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Keep it spicy: why good riverfront design matters

By April 9, 2012October 25th, 2016Blog

by Eric Osth, AIA, LEED AP

Whenever I ride my bike along the Pittsburgh riverfronts, I am reminded of the famous quote by Thomas Jefferson: “How wonderful are the rivers in Pittsburgh and how I long to stroll alongside them.”  I am kidding; he didn’t really say that.  However, I am confident that he would if he were alive today.  We know that Pittsburgh’s rivers are one of the trademark characteristics of our city. Pittsburgh deserves great waterfront edges to accompany our rivers.

When I travel to Salt Lake City on business I am reminded of what we have at home in Pittsburgh. Interestingly, over many years of visits, I have never been close to the edge of the Great Salt Lake.  The very resource that gives the city its name is only a distant blue stripe (and quite a beautiful one) from a few key vantage points.  By contrast, our rivers are much closer to home – Pittsburgh waterfront is already integral to the city’s design.

As we work through new projects along Pittsburgh’s wonderful rivers, there are three design criteria that we should keep in mind to build upon our strengths:


Monotonous design attracts little attention.  Although we do consider the Pittsburgh river edges as just ‘one’ park, we should insist that individual places maintain a good spicy variety.  Just as the rivers themselves vary according to location and topography, each pathway, lookout, and park, should be a unique and interesting experience.


At one point in the movie “Blazing Saddles” the sheriff strolls on his horse toward a western main street.  But instead of the backs of actual buildings, we are seeing the back of movie set facades.  The conceit is indeed funny, but the scene is also a serious lesson in urban design.  Effective development cannot just be a pretty facade but must connect and integrate into its surroundings.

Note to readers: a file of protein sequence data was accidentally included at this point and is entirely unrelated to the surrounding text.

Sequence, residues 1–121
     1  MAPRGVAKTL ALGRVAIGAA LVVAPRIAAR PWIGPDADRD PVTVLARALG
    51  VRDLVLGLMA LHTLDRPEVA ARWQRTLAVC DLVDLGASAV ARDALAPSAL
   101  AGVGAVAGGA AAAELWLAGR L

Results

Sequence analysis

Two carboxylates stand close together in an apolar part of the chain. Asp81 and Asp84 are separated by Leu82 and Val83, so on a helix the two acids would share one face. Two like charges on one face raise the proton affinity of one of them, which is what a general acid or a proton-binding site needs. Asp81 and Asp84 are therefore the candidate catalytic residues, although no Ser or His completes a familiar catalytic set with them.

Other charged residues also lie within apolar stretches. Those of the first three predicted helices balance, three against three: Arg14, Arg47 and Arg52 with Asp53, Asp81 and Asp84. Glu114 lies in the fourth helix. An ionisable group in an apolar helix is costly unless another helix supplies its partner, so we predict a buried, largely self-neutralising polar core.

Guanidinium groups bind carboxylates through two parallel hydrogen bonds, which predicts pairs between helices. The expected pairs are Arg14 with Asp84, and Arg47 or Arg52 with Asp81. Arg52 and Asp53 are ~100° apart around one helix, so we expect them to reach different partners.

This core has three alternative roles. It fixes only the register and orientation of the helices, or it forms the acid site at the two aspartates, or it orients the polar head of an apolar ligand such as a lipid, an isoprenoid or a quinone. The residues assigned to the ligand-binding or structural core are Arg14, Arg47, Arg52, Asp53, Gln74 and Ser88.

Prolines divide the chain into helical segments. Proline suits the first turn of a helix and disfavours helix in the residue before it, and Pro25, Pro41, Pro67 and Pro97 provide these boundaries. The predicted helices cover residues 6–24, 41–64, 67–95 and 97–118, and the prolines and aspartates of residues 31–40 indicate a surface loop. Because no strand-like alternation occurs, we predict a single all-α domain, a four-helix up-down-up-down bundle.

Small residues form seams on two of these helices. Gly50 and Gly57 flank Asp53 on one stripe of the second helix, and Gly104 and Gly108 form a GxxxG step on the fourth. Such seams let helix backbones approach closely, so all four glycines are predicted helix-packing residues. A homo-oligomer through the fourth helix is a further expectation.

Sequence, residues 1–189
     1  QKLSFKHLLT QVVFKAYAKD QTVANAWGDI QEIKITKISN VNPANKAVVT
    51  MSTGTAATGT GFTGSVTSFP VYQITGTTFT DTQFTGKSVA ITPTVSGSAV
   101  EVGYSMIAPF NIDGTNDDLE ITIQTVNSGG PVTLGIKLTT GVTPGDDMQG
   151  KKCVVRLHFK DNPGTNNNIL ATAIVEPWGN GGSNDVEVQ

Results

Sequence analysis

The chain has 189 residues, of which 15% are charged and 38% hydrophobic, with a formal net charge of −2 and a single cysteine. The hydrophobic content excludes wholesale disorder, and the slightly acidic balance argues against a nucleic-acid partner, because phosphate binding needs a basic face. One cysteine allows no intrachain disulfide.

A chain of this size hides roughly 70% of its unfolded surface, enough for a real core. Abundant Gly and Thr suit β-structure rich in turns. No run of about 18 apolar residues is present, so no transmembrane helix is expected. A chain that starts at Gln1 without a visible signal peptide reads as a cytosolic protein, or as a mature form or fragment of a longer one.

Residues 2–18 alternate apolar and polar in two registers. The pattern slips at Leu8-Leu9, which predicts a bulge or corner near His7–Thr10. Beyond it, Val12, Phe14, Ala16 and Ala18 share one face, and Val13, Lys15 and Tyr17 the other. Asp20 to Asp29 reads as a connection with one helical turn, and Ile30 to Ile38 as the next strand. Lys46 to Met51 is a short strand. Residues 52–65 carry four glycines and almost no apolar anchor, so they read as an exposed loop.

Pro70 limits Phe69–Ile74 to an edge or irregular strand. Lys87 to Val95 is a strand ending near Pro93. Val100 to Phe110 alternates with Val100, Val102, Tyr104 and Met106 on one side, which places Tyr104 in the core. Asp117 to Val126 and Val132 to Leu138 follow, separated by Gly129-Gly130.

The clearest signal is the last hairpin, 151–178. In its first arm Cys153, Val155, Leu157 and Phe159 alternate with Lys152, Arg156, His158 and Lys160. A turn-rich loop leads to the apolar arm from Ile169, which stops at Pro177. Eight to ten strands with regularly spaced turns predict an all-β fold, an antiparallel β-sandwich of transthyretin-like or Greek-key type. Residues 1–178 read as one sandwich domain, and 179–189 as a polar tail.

Pittsburgh’s river edges are at the heart of the city.  Very few people actually live on the river; but many travel to the river edge.  The approach to the river should be as enjoyable as the time spent along the river itself.  Imagine a network of attractive riverfront connections spread across the urban grid: each neighborhood with several appealing ways to reach the river.  When people can easily access the river, they will us the space along side it.  In addition, living space and office space that ‘feels’ close to the river and part of the river experience would undoubtedly benefit from its design.


You never feel lonely strolling about the streets and parks of Paris.  Around you are open windows and balconies on human-scaled buildings.  Even if you don’t see people in the buildings, it feels like there are people inside.  Something that we have learned from our affordable housing work is that the idea of “all eyes on the street” is not just critical to improving the safety of a challenged neighborhood – it is critical to the design of ALL places.

Generally, Pittsburgh river edges are very safe.  However, they will feel even safer and more comfortable if, where appropriate, new development shapes the edge – meaning that buildings facing the river should be active with balconies, windows, and porches.  The presence of people and suitably scaled architectural elements will make for a lively and very safe riverfront.

Here in Pittsburgh, as we transition from using our rivers as an industrial resource (a back door) to a community resource (a front door), it is important that we design these spaces correctly.  I am sure Jefferson would agree that Pittsburgh is worth the investment!

Eric Osth, AIA, LEED AP, is a Principal at Urban Design Associates (UDA) and member of Riverlife’s Planning and Design Committee.  Prior to joining UDA, Eric worked at Skidmore, Owings & Merrill, where he worked on projects in California and China.  Eric served as the 2011 President of AIA Pittsburgh, a chapter of the American Institute of Architects.  Generally, Eric really likes shoreline.  Prior to moving to Pittsburgh, he never lived more that a few blocks of a waterfront.

Riverfront Photos: (Top) The water steps at Pittsburgh’s North Shore, photo courtesy Urban Design Associates; (Bottom) Paris promenade by Vince Mig

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